Human trafficking
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This article is written by Nishtha Garhwal, a student of Alliance School of Law, Bangalore. The article talks about the abuse and exploitation faced by the sex workers who are picked during raids or rescue operations. The article also discusses how the anti-trafficking strategies lead to exploitation and torture of the sex workers instead of providing them protection.


In history, the practice of slavery was very prevalent, however, it had been eliminated from the current society. History found its way of repeating itself through trafficking. The Trafficking of Persons (Prevention, Protection, and Rehabilitation) Bill, 2018 had been approved and passed by the Lok Sabha in 2018, however, this Bill never got introduced in the Rajya Sabha. The 2018 draft of the Bill was criticized on the ground that it seemed to combine sex work as well as migration along with trafficking. However, the Union Ministry of Women and Child Development have invited suggestions for the recently introduced bill, that is, The Trafficking in Persons (Prevention Care and Rehabilitation) Bill, 2021. The objective of the Bill is to prevent counter-trafficking in persons. It specifically focuses on women and children and seeks to provide them with care and protection. 

The previous draft of the Bill in 2018 was dealing with the victim’s rescue, protection as well as rehabilitation, however, the 2021 Bill has an extended scope and also includes offenses that take place outside India. The Bill seeks to make the National Investigation Agency (NIA), the Central investigation authority in order to look into such offenses. The 2021 Bill applies to all the offenses related to trafficking in persons along with cross-border implications. The various anti-trafficking strategies like forced raids, rescue, rehabilitation, and criminalization have been brought to attention by the Bill. The Bill raises the question as to whether these strategies are really the solution for the issue of human trafficking.

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As the lives of sex workers have constantly been affected by the flawed anti-trafficking laws and strategies, serious apprehensions are raised by the declassified previous drafts of the Bill in addition to the experiences that arose from the implementation of the Immoral Traffic (Prevention) Act, 1956 (hereafter referred to as ITPA). Despite these apprehensions, the claim of some people who were involved in the drafting of the Bill like the government, some anti-trafficking organizations, and activists is that the consenting adults who voluntarily go into sex work would not fall under the purview of this bill. 

Therefore, unless the adult consenting sex workers who voluntarily undertake sex work with their clients are excluded from the ambit of the Bill, large-scale human rights violations would keep on continuing in the name of anti-trafficking norms.

Sex workers bearing the brunt of violence

The sex workers have to face violence inflicted by law enforcers and anti-trafficking groups in the name of anti-trafficking laws and strategies. The sex worker rights’ activists in India who had gathered some anecdotal information reveal that many of the women who have been rescued and rehabilitated go back to sex work again. These instances raise serious questions like why do women who were forced to indulge in sex work voluntarily return to sex work and why do women who entered sex work because of lack of skills voluntarily return to sex work even after being taught the skills to pursue some other work. Therefore, it becomes very important to understand why this happens.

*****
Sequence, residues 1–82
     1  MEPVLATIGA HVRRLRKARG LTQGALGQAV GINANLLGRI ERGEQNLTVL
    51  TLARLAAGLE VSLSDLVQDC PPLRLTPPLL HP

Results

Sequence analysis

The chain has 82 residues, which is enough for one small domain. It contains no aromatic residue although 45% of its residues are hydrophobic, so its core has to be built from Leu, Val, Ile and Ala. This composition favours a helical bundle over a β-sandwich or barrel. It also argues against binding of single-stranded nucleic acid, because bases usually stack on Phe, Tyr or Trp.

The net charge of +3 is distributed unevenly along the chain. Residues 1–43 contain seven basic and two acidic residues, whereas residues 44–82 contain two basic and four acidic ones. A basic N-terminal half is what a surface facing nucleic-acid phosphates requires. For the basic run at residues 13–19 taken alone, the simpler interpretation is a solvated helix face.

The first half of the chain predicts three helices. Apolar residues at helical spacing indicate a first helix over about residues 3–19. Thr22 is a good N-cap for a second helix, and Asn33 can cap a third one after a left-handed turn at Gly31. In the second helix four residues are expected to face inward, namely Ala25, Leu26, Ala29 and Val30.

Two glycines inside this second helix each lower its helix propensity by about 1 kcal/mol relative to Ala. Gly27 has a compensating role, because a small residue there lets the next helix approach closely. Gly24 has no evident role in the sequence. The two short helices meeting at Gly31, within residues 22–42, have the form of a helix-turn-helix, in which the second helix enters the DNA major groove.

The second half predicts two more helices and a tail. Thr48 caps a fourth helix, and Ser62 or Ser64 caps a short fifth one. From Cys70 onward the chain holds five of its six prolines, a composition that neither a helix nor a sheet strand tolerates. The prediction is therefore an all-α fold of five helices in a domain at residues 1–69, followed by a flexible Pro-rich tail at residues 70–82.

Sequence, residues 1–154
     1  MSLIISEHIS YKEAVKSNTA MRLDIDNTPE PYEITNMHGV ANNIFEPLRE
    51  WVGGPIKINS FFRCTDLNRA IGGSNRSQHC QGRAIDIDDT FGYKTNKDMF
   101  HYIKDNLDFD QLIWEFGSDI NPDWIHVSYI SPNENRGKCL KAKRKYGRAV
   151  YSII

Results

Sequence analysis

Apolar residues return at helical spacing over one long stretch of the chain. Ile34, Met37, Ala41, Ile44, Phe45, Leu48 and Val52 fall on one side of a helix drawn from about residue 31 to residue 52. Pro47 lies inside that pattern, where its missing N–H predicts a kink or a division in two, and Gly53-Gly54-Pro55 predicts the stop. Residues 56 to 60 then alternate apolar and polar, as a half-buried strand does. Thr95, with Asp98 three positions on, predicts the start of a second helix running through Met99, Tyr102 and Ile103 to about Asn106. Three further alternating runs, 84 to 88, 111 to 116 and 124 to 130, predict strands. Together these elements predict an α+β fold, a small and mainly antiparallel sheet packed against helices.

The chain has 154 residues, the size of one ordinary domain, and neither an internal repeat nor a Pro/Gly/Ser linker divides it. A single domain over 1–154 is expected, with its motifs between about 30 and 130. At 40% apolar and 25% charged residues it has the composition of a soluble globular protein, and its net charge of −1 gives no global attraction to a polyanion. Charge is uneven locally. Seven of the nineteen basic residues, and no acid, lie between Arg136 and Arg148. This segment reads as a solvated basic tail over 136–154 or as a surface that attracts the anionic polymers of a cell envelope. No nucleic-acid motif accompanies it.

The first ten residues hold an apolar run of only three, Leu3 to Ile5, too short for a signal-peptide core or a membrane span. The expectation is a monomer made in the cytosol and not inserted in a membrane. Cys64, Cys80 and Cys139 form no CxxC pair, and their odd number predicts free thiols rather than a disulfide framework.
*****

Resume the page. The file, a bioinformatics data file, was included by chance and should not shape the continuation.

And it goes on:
The root cause of the above issue can be found in the law and its implementation on the ground. Since the law enforcement authorities have the right to exercise arbitrary powers, they often subject the sex workers to violence during raids and also during ordinary times. The ITPA has the terms ‘Immoral’ and ‘Traffic’ in its name itself which suggests that trafficking is not an issue of a criminal offense but it is an issue of morality. Therefore, it can be inferred that the anti-trafficking strategies wrongly assume that no woman would enter sex work out of her own volition. 

Thus, it is evident that violence is inflicted on the sex workers in the name of raid and rescue operations. 

Infantilizing adult women

As per Section 17 (2) of the ITPA, a rescued woman as a result of raid or rescue operations can be handed over into the safe custody of her parents, guardian, or husband. Adult women who have voluntarily consented to pursue sex work also fall under the purview of this Section. On being satisfied with the suitability and social background of the parents, guardians, or husband, the magistrate can issue orders for granting custody of such a woman to them. 

This particular Section of ITPA is devitalizing for those women who are adults and are living independently of their parents, guardians, or husbands. Many among these women are the heads of their household who are earning to provide daily bread and basic facilities to their families.

There are many instances where the adult woman had not told her family that she is involved in sex work in order to earn a livelihood. In humiliating circumstances, if such a woman is directed by the magistrate to produce her parents, guardian, or husband, she is forced to contact her family members. In many cases, the custody of such a woman is given to her parents, guardian, or husband and she is compelled to sign an affidavit that she will not indulge in sex work in the future. 

The most common strategy that is adopted in order to address and fight trafficking in women and girls is raid and rescue operations. However, these strategies hardly address the issue of trafficking and rather lead to large-scale human rights violations. It also exposes women to exploitative practices and enhances their vulnerability, for instance, falling into debt bondage.

The raids that are conducted indiscriminately pick even the women who are voluntarily involved in sex work, and are forcibly rehabilitated through incarceration, and they are counselled to leave sex work. 

Despite having no source of income, due to incarceration, the women who are released from the rehabilitation homes have to pay huge fees to the lawyers, for surety for bail, bribes for officers in addition to the daily expenses and thus, they have to borrow money and consequently have to incur huge debts. It can be observed that the raid and rescue strategies that were designed in order to help women actually lead them to be trapped in a cycle of debt bondage which is quite ironic.